Hive Spotlight

Nothing down about it: Inclusion for athletes with disabilities

When ultrarunner Siobhan Pritchard was in her mid-20s, she witnessed an act of love that changed her mindset forever. As an avid snowboarder, Siobhan found herself in the ER a few too many times to count, and this time, she was waiting to get her wrist x-rayed after falling precariously. Since this was the pre-smartphone era, the only options of entertainment in the room were to read some old tabloid magazines or simply sit there and look around at other patients. Not one for the tabloids, she chose the latter. Siobhan saw a mother and her son, who had Cerebral Palsy, interacting with more love for one another than she had ever witnessed. As she sat waiting in the room, she had the realization that she was ready to have a child with special needs.

Siobhan riding bikes with her son James

Fast forward a handful or so years later, Siobhan found herself expecting her first child. Shortly after her son was born, the first-time mother received unexpecting news: “Your son has down syndrome.” No prenatal tests had prepared her and her husband, Dan, for this news. The Pritchard’s have now welcomed two more children into their family in recent years, and the family of five is thriving and staying active.

With three kids, how do you provide opportunities to keep them active?

My goal is to open all of the doors for my kids. If they want to try a certain sport or activity, I want them to know that they can go for it. I never want any of my kids to think they cannot do something.

COVID has obviously changed the racing and training landscape for 2020. Managing three children, a full time job, and a non-traditional school schedule has to be quite the challenge. How has your training changed throughout the year?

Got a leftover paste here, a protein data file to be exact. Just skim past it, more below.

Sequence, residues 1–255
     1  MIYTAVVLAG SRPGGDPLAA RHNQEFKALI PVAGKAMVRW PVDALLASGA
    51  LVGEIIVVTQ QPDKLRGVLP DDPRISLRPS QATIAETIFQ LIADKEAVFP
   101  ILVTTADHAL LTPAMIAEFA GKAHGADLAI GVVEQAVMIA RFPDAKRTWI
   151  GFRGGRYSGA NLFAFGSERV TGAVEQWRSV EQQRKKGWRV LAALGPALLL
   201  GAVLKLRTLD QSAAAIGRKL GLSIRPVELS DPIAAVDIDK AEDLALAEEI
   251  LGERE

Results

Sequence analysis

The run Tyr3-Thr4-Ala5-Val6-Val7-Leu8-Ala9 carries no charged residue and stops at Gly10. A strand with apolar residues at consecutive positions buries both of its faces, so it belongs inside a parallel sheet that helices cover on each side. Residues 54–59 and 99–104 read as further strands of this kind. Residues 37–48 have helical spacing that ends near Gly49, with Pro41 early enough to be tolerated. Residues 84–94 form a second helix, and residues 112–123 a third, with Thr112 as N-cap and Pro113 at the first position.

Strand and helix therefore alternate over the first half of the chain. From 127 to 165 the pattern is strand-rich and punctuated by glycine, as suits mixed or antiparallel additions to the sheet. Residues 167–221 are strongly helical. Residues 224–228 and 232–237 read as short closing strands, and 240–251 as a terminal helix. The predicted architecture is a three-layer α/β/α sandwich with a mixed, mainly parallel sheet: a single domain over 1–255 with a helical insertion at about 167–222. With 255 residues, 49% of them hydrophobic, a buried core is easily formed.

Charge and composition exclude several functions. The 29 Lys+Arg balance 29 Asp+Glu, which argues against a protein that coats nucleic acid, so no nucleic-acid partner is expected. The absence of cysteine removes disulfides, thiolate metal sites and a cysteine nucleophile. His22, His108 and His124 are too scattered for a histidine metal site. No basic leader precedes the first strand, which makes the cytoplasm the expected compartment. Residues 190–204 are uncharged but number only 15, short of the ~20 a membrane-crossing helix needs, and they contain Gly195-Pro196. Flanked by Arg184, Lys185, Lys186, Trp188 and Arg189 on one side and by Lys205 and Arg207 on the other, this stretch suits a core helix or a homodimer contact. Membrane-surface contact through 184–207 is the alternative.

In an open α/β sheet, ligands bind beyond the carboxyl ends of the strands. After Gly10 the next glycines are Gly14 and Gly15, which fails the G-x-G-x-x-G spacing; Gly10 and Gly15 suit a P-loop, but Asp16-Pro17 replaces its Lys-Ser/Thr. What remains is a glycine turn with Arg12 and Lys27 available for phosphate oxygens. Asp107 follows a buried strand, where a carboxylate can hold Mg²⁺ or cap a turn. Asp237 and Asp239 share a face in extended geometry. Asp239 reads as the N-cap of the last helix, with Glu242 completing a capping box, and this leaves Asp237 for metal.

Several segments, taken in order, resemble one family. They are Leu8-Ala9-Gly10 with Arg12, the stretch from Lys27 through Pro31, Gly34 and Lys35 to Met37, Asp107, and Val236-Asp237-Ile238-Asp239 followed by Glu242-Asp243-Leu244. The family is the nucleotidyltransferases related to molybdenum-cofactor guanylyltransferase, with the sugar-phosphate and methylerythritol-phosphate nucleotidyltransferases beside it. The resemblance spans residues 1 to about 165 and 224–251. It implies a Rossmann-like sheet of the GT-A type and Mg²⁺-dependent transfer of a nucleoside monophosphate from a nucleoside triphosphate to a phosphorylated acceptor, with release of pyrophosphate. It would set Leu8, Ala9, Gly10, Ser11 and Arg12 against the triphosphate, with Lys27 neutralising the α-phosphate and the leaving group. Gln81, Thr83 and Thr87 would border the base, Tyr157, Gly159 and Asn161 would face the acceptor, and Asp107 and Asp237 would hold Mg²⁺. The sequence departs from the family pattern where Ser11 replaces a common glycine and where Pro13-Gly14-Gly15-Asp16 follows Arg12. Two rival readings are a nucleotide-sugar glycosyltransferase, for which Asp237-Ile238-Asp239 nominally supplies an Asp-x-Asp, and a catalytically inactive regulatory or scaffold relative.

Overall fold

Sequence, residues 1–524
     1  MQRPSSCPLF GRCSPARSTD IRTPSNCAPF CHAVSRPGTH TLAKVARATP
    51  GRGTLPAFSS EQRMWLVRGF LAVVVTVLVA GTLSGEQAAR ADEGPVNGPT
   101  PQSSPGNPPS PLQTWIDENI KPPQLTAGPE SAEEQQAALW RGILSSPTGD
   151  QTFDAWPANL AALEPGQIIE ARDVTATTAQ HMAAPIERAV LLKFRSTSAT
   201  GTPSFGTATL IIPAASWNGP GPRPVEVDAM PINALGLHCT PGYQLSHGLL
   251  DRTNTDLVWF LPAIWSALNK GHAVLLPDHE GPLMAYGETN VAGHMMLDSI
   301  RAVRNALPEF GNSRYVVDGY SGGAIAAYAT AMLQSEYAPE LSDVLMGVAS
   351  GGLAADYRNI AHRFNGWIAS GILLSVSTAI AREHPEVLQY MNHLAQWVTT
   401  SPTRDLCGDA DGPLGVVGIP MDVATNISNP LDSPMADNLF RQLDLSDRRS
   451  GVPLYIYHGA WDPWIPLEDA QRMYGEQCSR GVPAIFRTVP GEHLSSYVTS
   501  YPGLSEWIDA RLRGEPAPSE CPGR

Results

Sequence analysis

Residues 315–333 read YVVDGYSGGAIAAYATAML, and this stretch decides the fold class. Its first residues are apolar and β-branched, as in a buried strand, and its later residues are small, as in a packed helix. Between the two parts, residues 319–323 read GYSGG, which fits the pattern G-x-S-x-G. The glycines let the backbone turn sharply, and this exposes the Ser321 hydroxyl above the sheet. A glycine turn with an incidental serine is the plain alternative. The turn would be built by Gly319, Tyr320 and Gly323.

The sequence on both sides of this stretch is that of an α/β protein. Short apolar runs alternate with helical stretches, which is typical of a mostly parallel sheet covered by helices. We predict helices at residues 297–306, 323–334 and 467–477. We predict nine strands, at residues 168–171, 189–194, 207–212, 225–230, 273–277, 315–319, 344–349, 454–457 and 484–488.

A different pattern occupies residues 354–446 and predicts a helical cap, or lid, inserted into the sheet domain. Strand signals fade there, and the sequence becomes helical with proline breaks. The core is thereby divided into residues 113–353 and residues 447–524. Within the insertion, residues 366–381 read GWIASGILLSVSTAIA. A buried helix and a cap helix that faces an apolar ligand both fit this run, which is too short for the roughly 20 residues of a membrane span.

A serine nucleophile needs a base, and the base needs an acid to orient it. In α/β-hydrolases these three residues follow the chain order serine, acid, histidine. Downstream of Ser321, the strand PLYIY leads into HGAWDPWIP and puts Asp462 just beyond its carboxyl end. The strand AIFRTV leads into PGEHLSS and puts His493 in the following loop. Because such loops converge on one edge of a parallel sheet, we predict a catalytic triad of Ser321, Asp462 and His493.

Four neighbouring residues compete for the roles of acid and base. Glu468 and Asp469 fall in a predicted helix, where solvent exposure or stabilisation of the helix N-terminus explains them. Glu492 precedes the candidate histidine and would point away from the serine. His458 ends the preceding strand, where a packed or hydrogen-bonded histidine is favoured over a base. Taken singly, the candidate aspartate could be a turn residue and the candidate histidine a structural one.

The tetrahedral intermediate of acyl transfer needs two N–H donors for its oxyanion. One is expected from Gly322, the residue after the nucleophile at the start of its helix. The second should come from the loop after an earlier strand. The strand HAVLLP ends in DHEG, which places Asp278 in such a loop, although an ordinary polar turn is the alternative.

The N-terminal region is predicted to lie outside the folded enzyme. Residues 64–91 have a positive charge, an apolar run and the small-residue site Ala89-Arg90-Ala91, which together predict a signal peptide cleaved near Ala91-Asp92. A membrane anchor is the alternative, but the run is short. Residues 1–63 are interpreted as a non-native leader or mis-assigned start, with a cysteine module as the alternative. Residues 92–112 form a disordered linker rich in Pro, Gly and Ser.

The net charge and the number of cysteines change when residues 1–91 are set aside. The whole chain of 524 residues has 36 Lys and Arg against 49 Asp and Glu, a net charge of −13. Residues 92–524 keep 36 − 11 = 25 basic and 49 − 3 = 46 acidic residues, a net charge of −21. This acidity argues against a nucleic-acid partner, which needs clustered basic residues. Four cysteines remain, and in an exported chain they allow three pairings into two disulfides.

Like many athletes this past spring, I kept trying to balance it all: high mileage, parenting, work, and life in general. Then I had to change my perspective. Something had to give, and it was my level of expectation of training that had to adjust. Rather than putting in the mileage and elevation as I would for a typical year training for 100-mile race, I have recognized that some days, I may run only 30 minutes and that is simply alright. I think it is not only important for our kids to see me consistently staying active but also enjoying it too.

As a parent of a child with special needs, what is the most important thing you would like to advocate for regarding sports involving people with a disability?

Society must not just include people with disabilities in sports, but train and play alongside them. So often people think if we let people with disabilities be a “coach’s helper” or play in a special division that it counts as inclusion. Sometimes, that may be appropriate but I’d love to see people challenge themselves to not just invite people with disabilities to play in their game but to find ways for all athletes to play and compete together.